Last year I budgeted for 3 P740C model’s to replace 3 P6 550 models that were getting long in the tooth. Because of the long lead time in our budget process and the continued downward pressure from IBM on their pricing, I was able to purchase 4 P7+ 740D models. That is a big win for us.
After implementing new 7042-CR7 model HMCs (which I recommend everyone upgrade to) and powering on our first box, I noticed that the latest HMC code reports the server has a Power7 and not a Power7+. The Power7 chip has been out for nearly a year, and the HMC has been through several updates since then, so why does it not show Power7+ the way it did for Power6+? Here’s what the screen looks like:
So, what does the LPAR say when it’s powered on? Everywhere I look, it’s Power7. Here’s what the system thinks the CPU is:
nim # lsattr -El proc0 frequency 4228000000 Processor Speed False smt_enabled true Processor SMT enabled False smt_threads 4 Processor SMT threads False state enable Processor state False type PowerPC_POWER7 Processor type False
nim # prtconf System Model: IBM,8205-E6D Machine Serial Number: Processor Type: PowerPC_POWER7 Processor Implementation Mode: POWER 7 Processor Version: PV_7_Compat
I do have a Power7 server running in Power6+ compatibility mode, here’s the output of prtconf on that server:
System Model: IBM,8202-E4B Machine Serial Number: 10418BP Processor Type: PowerPC_POWER7 Processor Implementation Mode: POWER 6 Processor Version: PV_6_Compat
So, maybe the OS commands aren’t aware of the CPU compatibility mode. This is the latest firmware and the latest AIX 7.1 level. I’m also running the latest HMC code, and I’ve confirmed the same behavior in the latest VIOS level (18.104.22.168).
Of course, the question was asked, did we really get what we paid for? So, I called my IBM Business Partner and asked their Technical sales team to dig into this. The box does have Power7+ processors, so it’s wasn’t mis-ordered and it WAS built correctly in the factory. They reached out to some other customers running a new P7+ 770, and they’ve confirmed the same behavior there, so I assume this is the same across the product line.
Then I had a bit of luck. As part of this upgrade, I’m testing AME on our non-production servers. The amepat tool, shows the correct processor mode:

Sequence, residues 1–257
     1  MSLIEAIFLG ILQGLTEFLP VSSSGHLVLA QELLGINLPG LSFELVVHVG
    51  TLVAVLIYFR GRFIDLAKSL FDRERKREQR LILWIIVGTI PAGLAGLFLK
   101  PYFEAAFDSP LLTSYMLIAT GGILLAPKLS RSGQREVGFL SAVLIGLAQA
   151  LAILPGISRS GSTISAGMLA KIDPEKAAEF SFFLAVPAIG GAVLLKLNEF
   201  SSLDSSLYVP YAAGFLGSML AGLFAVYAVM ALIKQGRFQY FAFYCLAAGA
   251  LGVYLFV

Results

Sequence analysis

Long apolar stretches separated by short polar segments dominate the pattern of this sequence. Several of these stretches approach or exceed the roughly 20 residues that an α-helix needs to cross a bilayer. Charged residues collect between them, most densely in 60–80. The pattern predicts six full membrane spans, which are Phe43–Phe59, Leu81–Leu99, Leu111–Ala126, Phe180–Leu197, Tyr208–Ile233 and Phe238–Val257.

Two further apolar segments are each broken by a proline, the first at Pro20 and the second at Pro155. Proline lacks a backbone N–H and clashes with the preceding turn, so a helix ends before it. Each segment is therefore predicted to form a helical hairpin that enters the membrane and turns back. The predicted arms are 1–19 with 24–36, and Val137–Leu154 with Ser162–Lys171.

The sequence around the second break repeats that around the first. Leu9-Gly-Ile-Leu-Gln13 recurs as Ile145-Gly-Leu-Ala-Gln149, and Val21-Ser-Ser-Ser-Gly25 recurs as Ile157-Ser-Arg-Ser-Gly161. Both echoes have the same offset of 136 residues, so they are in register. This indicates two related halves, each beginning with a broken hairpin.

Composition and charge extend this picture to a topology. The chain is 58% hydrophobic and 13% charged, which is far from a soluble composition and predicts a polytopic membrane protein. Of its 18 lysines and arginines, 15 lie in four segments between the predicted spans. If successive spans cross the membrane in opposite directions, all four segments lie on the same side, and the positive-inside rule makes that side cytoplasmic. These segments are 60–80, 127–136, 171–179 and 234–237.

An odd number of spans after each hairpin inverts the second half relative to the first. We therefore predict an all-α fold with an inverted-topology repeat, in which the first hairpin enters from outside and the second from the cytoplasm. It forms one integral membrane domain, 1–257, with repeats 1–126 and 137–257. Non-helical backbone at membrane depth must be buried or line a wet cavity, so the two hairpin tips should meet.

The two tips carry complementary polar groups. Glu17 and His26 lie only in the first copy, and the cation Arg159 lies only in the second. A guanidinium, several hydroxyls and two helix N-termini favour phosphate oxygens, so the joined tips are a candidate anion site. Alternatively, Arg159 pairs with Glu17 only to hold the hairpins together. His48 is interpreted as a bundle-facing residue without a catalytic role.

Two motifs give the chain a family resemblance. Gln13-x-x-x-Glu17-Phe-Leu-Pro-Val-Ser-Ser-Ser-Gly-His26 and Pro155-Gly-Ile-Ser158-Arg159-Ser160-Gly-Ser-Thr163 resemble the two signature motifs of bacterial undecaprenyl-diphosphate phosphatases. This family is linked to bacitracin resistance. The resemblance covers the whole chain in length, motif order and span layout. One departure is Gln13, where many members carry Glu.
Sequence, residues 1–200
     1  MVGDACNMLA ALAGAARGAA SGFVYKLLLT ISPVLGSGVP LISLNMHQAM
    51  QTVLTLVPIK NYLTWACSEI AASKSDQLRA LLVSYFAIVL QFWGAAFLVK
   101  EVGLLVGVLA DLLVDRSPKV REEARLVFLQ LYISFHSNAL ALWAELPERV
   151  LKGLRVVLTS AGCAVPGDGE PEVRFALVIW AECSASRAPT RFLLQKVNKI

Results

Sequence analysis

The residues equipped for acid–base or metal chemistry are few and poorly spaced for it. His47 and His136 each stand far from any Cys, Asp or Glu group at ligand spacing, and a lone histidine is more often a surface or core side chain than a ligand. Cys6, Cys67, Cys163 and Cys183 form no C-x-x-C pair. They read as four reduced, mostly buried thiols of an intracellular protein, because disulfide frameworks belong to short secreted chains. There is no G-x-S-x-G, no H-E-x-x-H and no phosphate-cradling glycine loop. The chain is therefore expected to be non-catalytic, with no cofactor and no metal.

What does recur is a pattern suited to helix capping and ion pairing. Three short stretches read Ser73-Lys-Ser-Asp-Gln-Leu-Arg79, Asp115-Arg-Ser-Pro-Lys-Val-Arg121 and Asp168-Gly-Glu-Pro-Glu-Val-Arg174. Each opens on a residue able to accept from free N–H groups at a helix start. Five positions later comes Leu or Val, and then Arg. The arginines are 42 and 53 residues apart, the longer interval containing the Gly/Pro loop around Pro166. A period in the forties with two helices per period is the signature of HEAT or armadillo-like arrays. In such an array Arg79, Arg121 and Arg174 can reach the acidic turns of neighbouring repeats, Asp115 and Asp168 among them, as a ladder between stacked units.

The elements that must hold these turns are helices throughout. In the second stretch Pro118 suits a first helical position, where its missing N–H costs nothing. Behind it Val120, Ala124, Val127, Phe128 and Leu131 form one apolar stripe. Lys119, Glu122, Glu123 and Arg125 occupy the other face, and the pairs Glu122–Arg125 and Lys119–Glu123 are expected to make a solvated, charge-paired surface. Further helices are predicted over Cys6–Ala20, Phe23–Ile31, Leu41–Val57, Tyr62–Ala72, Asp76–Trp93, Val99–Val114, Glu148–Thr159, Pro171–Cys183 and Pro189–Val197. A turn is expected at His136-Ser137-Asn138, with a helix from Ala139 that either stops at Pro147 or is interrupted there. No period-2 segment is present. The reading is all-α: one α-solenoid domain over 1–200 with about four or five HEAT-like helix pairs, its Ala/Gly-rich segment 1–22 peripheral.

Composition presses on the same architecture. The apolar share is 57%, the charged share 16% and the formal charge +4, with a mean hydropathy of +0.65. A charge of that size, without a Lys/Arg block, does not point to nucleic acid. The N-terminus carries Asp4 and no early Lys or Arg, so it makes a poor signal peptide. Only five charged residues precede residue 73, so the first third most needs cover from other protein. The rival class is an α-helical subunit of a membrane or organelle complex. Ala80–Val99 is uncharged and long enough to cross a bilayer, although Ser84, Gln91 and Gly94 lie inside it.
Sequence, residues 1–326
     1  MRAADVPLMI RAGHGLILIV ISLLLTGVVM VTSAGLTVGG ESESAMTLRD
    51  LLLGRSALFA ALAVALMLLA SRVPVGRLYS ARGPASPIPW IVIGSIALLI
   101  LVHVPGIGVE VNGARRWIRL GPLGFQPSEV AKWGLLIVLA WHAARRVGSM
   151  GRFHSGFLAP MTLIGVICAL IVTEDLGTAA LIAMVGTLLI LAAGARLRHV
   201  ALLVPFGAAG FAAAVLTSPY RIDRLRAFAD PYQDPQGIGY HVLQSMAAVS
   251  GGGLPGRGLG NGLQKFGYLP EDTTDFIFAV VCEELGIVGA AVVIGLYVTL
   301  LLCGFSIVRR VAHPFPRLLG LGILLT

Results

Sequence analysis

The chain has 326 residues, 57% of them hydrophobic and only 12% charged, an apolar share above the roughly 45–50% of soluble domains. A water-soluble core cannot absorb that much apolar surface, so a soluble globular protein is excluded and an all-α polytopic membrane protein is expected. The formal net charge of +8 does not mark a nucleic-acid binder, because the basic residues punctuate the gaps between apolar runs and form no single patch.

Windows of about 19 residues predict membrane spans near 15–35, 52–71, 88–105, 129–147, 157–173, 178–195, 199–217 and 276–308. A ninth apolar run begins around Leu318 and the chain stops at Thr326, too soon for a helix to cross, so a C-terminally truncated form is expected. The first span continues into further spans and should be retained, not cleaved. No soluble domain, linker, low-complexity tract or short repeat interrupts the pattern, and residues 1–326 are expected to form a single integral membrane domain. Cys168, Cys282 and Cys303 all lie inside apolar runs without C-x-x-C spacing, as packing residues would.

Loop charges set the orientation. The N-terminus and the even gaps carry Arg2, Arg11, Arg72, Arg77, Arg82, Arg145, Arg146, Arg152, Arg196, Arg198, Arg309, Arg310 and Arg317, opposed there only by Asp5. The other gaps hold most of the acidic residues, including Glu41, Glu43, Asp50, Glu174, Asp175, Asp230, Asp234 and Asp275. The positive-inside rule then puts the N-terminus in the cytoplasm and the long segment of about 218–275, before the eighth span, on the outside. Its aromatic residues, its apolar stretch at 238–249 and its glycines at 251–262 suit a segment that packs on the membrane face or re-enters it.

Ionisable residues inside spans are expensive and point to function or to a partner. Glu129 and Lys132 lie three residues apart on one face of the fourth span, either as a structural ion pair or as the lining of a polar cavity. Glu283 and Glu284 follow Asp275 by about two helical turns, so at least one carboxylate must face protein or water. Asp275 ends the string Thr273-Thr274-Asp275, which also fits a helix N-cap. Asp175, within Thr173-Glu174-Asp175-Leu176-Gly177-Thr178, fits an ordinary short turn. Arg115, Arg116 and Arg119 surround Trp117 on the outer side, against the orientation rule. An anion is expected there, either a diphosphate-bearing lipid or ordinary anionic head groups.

nim # amepat Command Invoked : amepat Date/Time of invocation : Fri Sep 27 11:53:38 EDT 2013 Total Monitored time : NA Total Samples Collected : NA System Configuration: --------------------- Partition Name : nim Processor Implementation Mode : POWER7+ Mode Number Of Logical CPUs : 4 Processor Entitled Capacity : 0.10 Processor Max. Capacity : 1.00 True Memory : 4.00 GB SMT Threads : 4 Shared Processor Mode : Enabled-Uncapped Active Memory Sharing : Disabled Active Memory Expansion : Enabled Target Expanded Memory Size : 8.00 GB Target Memory Expansion factor : 2.00
There we see the expected Power7+ mode. This command works and reports the processor correctly on systems without AME enabled, so it can be used on any LPAR to show the correct processor type for Power7+ systems. Here is the output on our Power7 LPAR running in Power6+ mode:
Command Invoked : amepat
Date/Time of invocation : Wed Oct 2 12:41:43 EDT 2013 Total Monitored time : NA Total Samples Collected : NA
System Configuration: --------------------- Partition Name : tsm1 Processor Implementation Mode : POWER6
So, amepat doesn’t report Power6+ for Power7 systems running in Power6+ mode.
Our IBM client team is looking into this issue, and I expect the relevant commands will be enhanced in a future service pack and HMC level. But, in the mean time, we can prove that what we ordered is what was delivered.
Historically IBM has not included the “+” on any of our products (ie Power 5+, Power6 or Power7+). You can open a PMR and request a Design Change Request (DCR) to have the “+” added for Power7 servers.
That is an interesting answer to me. We never purchased any Power6+ servers, so I can’t comment on what the OS commands, lsattr and the like, may or may not report. But, the HMC most definitely did report a separate compatibility mode for Power6+. My only thought is that the Power7+ CPU didn’t introduce a new operational mode, which is a little surprising to me because of some of the work done in this chip.